Mr. Wiesel condemned the massacres in Bosnia in the mid 1990s — "If this is Auschwitz again, we must mobilize the whole world," he said — and denounced others in Cambodia, Rwanda and the Darfur region of Sudan. He condemned the burnings of black churches in the United States and spoke out on behalf of the blacks of South Africa and the tortured political prisoners of Latin America.

Mr. Wiesel had a leading role in the creation of the U.S. Holocaust Memorial Museum in Washington, serving as chairman of the commission that united rival survivor groups to raise funds for a permanent structure.

Eliezer Wiesel was born on Sept. 30, 1928, in the small city of Sighet, in the Carpathian Mountains in what was then Romania. His father, Shlomo, was a Yiddish-speaking shopkeeper worldly enough to encourage his son to learn modern Hebrew and introduce him to the works of Freud. His mother, the former Sarah Feig, and his maternal grandfather, Dodye Feig, filled his imagination with mystical tales of Hasidic masters.

He grew up with his three sisters, Hilda, Batya and Tzipora, in a community of 15,000 Jews. But his idyllic childhood was shattered in spring 1944 when the Nazis marched into Hungary. The city's Jews were swiftly confined to two ghettos and then assembled for deportation.

"One by one, they passed in front of me," he wrote in Night, "teachers, friends, others, all those I had been afraid of, all those I could have laughed at, all those I had lived with over the years. They went by, fallen, dragging their packs, dragging their lives, deserting their homes, the years of their childhood, cringing like beaten dogs."

Night recounted a journey of several days spent in an airless cattle car before the narrator and his family arrived in a place they had never heard of: Auschwitz. Mr. Wiesel recalled how the smokestacks filled the air with the stench of burning flesh, how babies were burned in a pit, and how a monocled Dr. Josef Mengele decided, with a wave of a bandleader's baton, who would live and who would die. Mr. Wiesel watched his mother and his sister Tzipora walk off to the right.

"I did not know that in that place, at that moment, I was parting from my mother and Tzipora forever," he wrote.

He was later transferred with his father to the Buchenwald camp, where his father died. On April 11, 1945, after eating nothing for six days, Mr. Wiesel was among those liberated by the U.S. Army. Only after the war did he learn that his two elder sisters had not perished.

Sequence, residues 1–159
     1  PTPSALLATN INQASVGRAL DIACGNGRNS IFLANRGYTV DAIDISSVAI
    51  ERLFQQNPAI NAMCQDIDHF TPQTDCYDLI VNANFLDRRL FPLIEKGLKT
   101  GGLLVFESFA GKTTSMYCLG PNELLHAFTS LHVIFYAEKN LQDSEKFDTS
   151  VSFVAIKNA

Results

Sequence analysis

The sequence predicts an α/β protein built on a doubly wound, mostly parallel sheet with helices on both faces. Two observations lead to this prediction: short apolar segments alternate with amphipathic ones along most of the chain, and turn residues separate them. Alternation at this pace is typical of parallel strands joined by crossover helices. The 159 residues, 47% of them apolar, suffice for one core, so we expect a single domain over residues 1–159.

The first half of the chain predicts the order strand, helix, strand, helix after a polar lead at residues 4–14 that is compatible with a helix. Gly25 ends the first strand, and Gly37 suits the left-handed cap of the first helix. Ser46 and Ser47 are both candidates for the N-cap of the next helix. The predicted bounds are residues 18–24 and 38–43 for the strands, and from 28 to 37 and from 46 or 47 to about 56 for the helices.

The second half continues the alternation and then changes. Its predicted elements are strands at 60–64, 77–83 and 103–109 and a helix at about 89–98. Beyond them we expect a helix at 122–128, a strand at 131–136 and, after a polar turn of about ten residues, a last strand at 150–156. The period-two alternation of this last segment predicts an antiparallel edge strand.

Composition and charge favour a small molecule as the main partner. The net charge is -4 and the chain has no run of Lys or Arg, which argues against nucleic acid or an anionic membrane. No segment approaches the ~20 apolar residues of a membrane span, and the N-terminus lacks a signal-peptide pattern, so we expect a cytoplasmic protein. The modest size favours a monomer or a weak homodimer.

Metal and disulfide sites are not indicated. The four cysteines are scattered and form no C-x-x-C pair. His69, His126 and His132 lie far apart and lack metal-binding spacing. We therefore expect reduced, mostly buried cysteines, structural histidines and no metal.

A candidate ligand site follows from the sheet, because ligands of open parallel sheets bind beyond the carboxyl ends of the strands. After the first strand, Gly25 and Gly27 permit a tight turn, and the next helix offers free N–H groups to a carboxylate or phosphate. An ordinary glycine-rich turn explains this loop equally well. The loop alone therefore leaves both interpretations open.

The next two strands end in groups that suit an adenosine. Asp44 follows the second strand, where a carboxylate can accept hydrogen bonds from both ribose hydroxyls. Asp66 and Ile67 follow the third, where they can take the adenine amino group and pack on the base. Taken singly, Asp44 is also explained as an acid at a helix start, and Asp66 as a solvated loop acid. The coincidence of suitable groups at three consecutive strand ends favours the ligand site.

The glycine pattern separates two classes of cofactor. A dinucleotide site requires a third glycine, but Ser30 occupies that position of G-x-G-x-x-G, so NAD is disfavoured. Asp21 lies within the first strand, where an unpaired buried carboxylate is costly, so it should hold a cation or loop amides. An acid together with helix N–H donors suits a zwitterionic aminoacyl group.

In the days after Buchenwald's liberation, he decided he had survived to bear witness, but vowed that he would not speak or write of what he had seen for 10 years.

"I didn't want to use the wrong words," he once explained.

In 1948, the newspaper L'Arche sent him to Israel to report on that newly founded state. He became the Paris correspondent for the daily Yediot Ahronot as well. In 1956 he produced an 800-page memoir in Yiddish. Pared to 127 pages and translated into French, it then appeared as La Nuit. The English version was published in 1960 as Night.

"The Holocaust was not something people wanted to know about in those days," Mr. Wiesel told Time magazine in 1985.

Night went on to sell more than 10 million copies. Mr. Wiesel wrote an average of a book a year, 60 books by his own count in 2015.

In 1956, Mr. Wiesel traveled on a journalistic assignment to New York to cover the United Nations. He became a lifetime New Yorker. His contact with the city's many Holocaust survivors shored up his resolve to keep telling their stories.

Mr. Wiesel became a U.S. citizen in 1963. Six years later, he married Marion Rose, a fellow Holocaust survivor who translated some of his books into English. They had a son, Shlomo. His wife and son survive him.

Based in New York, Mr. Wiesel commuted to Boston University for almost three decades, teaching philosophy, literature and Judaic studies and giving a popular lecture series in the fall.

In 1993, Mr. Wiesel spoke at the dedication of the U.S. Holocaust Memorial Museum in Washington. His words are now carved in stone at its entrance: "For the dead and the living, we must bear witness."

Information from the Associated Press was used in this report.